Revenue at Goodwin Procter increased for the sixth consecutive year in 2018, reaching a new all-time high for the 107-year-old firm.
Gross revenue jumped 16.1 percent to $1.198 billion, with revenue per lawyer increasing 10.5 percent to $1.25 million, according to preliminary ALM reporting. Profits per equity partner rose 14.5 percent to $2.46 million.
Goodwin chairman David Hashmall, who has led the Am Law 100 firm since 2014, said the strong financial growth can be attributed to a strategic focus on six core practice areas.
Over the past several years, Goodwin has focused on expanding in its technology and life sciences practice, as well as its securities, white-collar litigation and regulatory, real estate, private equity, intellectual property litigation and financial institutions groups.
“We’ve been really focusing on the convergence of capital and innovation,” he said.
The firm stands apart for the intersection between its technology and life sciences practices and its private equity work, Hashmall said.
“We feel that we are somewhat unique, and one of the very few firms that developed real dominance and expertise in technology and life sciences on the one hand and private equity on the other,” he said. “I think that’s what has really been driving our revenue growth.”
Goodwin’s private equity and life sciences practices each grew their revenue by 31 percent from the prior year, while the technology practice grew revenue by 20 percent, the firm said.
The firm last year advised Belgian biotech company Ablynx in its $4.8 billion sale to French drugmaker Sanofi. It also advised longtime client GTT Communications Inc. in its $2.3 billion acquisition of Interoute Communications Ltd, Europe’s largest cloud services platform.
Goodwin also worked with Keryx Biopharmaceuticals Inc. in its $1.3 billion merger with Akebia Therapeutics Inc. Its life sciences team also advised on a series of initial public offerings of pharmaceutical companies totaling more than $653 million last summer.
“A lot of the work that we do in private equity and life sciences is related to technology practices because of how innovative these industries are becoming,” said Michael Caplan, Goodwin Procter’s chief operating officer.
“We’re really driving a connectivity strategy across all of our business units,” he said, adding that the strategy not only helps the firm when it comes to working with clients but also helps Goodwin attract laterals.
Head count at the firm grew 5 percent in 2018 to 955 lawyers across its 10 offices worldwide. Its equity partner ranks increased 3.8 percent to 220 partners, and its nonequity tier grew 5.6 percent to 133 partners.
Among notable lateral additions last year, Goodwin added a team of lawyers from Dechert to bulk up its life sciences group in Europe. In the U.S., the firm added four partners from Greenberg Traurig, including the former chair of Greenberg’s U.S. international trade commission practice, Mark Davis, to its intellectual property and ITC practices in Washington, D.C.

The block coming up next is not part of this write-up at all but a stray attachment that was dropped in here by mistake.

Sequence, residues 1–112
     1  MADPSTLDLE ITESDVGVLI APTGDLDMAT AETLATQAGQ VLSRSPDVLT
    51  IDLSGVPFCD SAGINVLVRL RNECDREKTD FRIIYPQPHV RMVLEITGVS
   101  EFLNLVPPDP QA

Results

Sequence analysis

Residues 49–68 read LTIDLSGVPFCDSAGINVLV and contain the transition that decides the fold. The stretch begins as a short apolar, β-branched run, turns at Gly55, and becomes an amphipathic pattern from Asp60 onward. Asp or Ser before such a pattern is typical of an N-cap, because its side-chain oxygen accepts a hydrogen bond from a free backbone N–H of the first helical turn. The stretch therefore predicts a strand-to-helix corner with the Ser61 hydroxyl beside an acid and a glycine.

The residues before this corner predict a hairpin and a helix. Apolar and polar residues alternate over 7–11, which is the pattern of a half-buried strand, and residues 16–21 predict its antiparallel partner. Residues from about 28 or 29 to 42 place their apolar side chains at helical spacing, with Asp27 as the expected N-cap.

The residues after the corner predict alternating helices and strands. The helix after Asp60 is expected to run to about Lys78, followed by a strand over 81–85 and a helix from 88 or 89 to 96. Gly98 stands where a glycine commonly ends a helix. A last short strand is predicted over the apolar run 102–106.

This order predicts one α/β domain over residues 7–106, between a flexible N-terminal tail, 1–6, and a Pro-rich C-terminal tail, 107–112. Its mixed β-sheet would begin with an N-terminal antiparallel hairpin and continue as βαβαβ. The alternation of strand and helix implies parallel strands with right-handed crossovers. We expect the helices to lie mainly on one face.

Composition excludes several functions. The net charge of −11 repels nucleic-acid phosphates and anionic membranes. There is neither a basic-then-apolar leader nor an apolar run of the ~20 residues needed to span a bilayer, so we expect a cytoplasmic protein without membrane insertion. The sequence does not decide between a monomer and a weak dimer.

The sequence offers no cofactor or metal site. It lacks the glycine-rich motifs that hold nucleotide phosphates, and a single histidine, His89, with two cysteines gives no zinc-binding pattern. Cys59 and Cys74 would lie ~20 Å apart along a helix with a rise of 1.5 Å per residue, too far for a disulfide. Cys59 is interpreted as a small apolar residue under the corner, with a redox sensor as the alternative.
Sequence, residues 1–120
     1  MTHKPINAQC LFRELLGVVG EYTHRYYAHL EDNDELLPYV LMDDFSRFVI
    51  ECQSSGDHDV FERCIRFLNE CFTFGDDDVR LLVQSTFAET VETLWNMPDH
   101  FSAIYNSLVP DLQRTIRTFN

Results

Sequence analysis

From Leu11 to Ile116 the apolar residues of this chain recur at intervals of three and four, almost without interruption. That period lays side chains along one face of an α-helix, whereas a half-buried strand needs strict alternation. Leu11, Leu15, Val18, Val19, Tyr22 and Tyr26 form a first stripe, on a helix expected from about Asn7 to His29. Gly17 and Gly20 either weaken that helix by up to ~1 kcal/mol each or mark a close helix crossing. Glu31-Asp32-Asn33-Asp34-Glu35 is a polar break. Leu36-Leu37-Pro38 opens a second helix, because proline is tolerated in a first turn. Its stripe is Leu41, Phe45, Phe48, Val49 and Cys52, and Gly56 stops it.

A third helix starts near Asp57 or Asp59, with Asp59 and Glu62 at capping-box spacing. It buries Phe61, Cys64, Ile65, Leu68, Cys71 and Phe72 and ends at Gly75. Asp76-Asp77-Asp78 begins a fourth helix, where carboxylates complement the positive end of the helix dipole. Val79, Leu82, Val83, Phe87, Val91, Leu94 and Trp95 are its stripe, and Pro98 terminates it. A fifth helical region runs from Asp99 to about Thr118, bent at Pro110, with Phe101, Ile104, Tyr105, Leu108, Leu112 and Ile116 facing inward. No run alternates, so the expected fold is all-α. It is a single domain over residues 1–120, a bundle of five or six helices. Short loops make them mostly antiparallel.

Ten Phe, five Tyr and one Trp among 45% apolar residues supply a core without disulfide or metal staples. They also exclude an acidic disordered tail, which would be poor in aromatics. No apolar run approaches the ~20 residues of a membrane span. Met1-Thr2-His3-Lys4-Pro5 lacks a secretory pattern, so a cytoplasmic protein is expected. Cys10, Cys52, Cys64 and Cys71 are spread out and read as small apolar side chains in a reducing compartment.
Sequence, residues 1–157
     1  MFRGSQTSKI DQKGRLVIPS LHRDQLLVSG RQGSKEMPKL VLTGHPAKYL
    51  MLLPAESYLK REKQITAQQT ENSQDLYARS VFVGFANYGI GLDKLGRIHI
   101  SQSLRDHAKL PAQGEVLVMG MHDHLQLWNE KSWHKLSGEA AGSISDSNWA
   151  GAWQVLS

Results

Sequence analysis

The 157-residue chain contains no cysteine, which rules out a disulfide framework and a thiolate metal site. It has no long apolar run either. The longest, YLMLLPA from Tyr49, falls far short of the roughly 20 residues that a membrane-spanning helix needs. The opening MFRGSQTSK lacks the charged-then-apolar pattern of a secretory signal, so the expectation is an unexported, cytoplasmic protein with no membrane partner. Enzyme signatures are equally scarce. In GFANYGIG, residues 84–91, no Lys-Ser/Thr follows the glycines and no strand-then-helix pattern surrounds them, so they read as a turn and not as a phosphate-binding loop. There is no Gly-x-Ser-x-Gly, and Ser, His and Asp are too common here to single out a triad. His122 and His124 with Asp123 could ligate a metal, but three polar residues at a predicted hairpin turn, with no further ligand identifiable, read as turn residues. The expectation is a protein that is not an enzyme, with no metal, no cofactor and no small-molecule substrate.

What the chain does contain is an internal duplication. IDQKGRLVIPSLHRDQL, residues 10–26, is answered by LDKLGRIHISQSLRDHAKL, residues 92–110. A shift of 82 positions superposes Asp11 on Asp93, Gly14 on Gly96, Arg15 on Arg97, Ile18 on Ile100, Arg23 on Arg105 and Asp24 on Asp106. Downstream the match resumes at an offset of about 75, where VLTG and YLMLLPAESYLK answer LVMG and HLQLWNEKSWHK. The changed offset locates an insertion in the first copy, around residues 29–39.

On the West Coast, the firm brought on Vinson & Elkins’ intellectual property co-chair Darryl Woo in San Francisco, as well as a trio of partners from Gunderson Dettmer Stough Villeneuve Franklin & Hachigian, including Joshua Cook, who had led Gunderson Dettmer’s San Francisco office since 2013.
In Silicon Valley, where Goodwin unveiled new office space last spring, the firm made several high-profile hires, including the former chairman of Fenwick & West’s private equity group, Scott Joachim, and Fenwick private equity partner David Johanson.
The firm also bulked up its global professional staff, adding Linklaters’ chief operating officer for the emerging Europe, Middle East and Africa regions, Uli Kleinsteuber, as its first-ever managing director of international operations. Caplan said the firm also brought on a new director of international finance and new human resource leader.
“It’s helped with bringing in new laterals, integrating technology, collecting money, billing our clients, and setting up new offices much faster,” Caplan said of adding Kleinsteuber and others.
Along with traditional legal work, the firm is continuing to work with clients on their operational needs, whether that’s implementing and testing new technology or counseling on diversity and inclusion strategies, without charging for those services, Hashmall said.
It’s just not sufficient these days to just be prepared to answer the legal questions, said Hashmall, who will step down as head of the firm in September.
“You want to be the best outside counsel you can be, and I think by understanding and getting to know your clients business really well you can do a better job for the client and more efficiently,” he said.